Jane Weeks, Cancer Outcomes Pioneer and Devoted Mentor, Dies at 61 : Oncology Times

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Jane Weeks, Cancer Outcomes Pioneer and Devoted Mentor, Dies at 61

Rosenthal, Eric T.

doi: 10.1097/01.COT.0000436586.57885.26
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Jane Carrie Weeks, MD, MSc, an internationally respected pioneer in outcomes research in oncology and beloved mentor to many in health services research, died September 10 of metastatic breast cancer. She was 61.

She was Professor of Medicine at Harvard Medical School, Professor of Health Policy and Management at Harvard School of Public Health, Director of the McGraw-Patterson Center for Population Sciences, Chief of the Division of Population Sciences in Dana-Farber Cancer Institute's Department of Medical Oncology, and Program Leader for Outcomes Research at Dana-Farber/Harvard Cancer Center.

Described as a brilliant, analytical thinker, and a dedicated, caring physician, Weeks gave up clinical practice early in her career because she believed she could be successful in outcomes research only if she was focused 100 percent in the field, said Robert J. Mayer, MD, the Stephen B. Kay Family Professor of Medicine at Harvard Medical School; Vice Chair for Academic Affairs, Medical Oncology at Dana-Farber; and Faculty Associate Dean of Admissions at Harvard Medical School.

“She was sensitive as a doctor and sensitive to patients, but as her career developed she no longer personally took care of patients, although her work influenced so many others who did,” he said via telephone.

Mayer recalled that he first met her in the late-1980s when she was Co-chief Medicine Resident at Brigham and Women's Hospital, and she later trained under him as a medical oncology fellow at Dana-Farber.

Decision Analysis

“Jane began a whole new innovative groundbreaking approach to patient care through decision analysis, bringing science and statistics to something that had in the past been done through intuition or impressions. She made outcomes in oncology a rigorous academically respected discipline that has made that area comparable in impact to traditional laboratory-based investigation,” he said.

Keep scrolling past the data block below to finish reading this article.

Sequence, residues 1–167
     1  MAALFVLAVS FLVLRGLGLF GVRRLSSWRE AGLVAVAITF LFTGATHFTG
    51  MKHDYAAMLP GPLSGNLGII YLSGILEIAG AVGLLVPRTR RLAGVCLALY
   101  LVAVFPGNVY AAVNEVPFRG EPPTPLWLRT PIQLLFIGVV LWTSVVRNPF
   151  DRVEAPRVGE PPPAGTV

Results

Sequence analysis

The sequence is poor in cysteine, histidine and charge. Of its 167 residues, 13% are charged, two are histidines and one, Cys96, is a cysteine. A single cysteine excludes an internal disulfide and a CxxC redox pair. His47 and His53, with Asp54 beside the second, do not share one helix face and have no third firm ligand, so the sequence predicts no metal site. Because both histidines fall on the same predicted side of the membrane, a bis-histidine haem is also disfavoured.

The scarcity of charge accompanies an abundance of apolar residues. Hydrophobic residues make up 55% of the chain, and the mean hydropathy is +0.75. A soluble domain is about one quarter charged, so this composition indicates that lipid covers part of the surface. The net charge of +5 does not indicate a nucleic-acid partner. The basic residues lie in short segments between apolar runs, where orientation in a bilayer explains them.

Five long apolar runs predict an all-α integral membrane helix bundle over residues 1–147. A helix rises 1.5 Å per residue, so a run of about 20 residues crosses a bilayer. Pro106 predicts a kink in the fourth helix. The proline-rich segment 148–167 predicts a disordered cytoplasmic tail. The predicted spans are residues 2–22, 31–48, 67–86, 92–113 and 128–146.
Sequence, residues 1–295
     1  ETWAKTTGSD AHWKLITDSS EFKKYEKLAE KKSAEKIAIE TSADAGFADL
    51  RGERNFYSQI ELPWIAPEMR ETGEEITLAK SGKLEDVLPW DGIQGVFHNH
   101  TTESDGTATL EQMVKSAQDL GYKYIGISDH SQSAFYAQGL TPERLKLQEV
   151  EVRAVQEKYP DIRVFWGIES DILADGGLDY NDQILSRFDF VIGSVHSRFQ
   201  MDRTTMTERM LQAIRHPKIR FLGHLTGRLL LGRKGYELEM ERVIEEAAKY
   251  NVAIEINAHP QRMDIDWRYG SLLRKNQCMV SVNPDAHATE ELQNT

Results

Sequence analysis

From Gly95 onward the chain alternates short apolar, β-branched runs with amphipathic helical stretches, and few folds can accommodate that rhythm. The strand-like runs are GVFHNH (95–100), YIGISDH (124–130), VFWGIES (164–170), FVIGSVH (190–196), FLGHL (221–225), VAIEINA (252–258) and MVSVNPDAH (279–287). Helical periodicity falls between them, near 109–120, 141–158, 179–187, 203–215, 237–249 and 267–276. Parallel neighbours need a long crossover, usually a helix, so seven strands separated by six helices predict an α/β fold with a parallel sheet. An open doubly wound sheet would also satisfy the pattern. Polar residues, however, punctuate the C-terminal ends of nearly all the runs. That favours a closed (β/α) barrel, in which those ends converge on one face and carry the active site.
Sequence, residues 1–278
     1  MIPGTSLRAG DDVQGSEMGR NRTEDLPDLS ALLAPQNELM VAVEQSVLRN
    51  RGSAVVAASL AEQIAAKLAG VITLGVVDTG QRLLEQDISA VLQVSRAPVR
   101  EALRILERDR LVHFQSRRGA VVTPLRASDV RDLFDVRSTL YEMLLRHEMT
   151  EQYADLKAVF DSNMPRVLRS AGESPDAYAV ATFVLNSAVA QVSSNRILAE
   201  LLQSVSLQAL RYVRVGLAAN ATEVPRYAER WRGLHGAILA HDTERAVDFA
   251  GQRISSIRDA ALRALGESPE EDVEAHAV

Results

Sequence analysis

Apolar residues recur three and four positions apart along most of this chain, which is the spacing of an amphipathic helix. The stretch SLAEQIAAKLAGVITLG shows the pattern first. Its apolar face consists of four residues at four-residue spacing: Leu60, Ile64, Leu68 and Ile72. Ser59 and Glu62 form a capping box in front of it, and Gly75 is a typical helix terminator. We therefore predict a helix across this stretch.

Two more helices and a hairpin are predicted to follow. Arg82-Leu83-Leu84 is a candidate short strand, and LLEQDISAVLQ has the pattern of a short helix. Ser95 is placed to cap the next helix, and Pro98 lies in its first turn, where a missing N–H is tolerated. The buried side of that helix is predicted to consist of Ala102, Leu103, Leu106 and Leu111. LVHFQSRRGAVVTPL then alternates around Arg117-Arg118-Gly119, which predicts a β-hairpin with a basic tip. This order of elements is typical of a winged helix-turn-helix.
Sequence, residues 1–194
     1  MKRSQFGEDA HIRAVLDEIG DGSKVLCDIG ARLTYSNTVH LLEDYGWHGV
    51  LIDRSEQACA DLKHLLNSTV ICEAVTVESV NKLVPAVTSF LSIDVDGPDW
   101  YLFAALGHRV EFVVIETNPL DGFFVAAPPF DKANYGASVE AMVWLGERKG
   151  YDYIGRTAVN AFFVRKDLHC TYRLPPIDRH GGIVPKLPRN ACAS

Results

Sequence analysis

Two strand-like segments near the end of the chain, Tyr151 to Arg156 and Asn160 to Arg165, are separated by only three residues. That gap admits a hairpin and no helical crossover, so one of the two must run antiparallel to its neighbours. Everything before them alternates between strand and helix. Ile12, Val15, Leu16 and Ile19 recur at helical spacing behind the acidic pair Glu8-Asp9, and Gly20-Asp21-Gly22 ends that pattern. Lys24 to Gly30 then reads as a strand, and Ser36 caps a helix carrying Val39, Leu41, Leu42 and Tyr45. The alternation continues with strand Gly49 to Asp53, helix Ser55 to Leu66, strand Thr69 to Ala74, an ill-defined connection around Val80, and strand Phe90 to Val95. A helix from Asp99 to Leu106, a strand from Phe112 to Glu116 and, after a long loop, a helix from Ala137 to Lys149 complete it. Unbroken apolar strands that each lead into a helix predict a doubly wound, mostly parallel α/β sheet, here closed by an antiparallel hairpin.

Her generosity as a mentor extended through the Harvard community beyond just Dana-Farber, Mayer said: “She would listen and provide wise counsel, and this June she received the 2012-13 William Silen Lifetime Achievement in Mentoring Award from Harvard Medical School.”

Weeks was also among the recipients of the American Society of Clinical Oncology's first Career Development Award (CDA) in 1992 and helped guide the future development of that program over the years. A number of those she mentored at Dana-Farber and who are currently on the faculty there also went on to receive CDAs over the years including Deborah Schrag, MD, MPH, and Gregory Abel, MD.


Abel said via email, “Jane was the consummate mentor, guiding a large cohort of oncology-focused health services researchers into establishing successful research programs. She was a true pioneer in this area, not only because of her own outstanding scholarship, but also because of her sincere commitment to educating the next generation.

“While I consider myself extremely lucky to have had the pleasure of thinking through many research questions with Jane, her love of rigorous intellectual inquiry is just one of many reasons she was a remarkable mentor. She was also very generous with her time—keeping an essentially open-door policy for her mentees—and gave excellent career advice.”

Schrag, who became a close colleague of Weeks, and succeeded her as Chief of the Division of Population Sciences in DFCI's Department of Medical Oncology, said during a telephone interview that Weeks had a knack and a nose for spotting the next new trend in important, provocative questions, and had an analytically razor-sharp intellect: “Jane could sit in a seminar and be the only one to ask ‘why do we do it that way?’ She helped her mentees crystalize their [often] amorphous ideas into high-impact projects and helped them stay on target and not get distracted. She just loved bringing out the best in people and could raise them to a new level.”

Schrag said that Weeks also had a knack for making research fun and had a wicked sense of humor.

Weeks also pioneered and helped bring rigorous analytical methods and standards to comparative effectiveness research, continued Schrag, who said that her mentor couldn't find a suitable mentor herself in outcomes research and had to look outside of oncology to cardiologist Lee Goldman, MD, now Dean of Columbia University College of Physicians & Surgeons.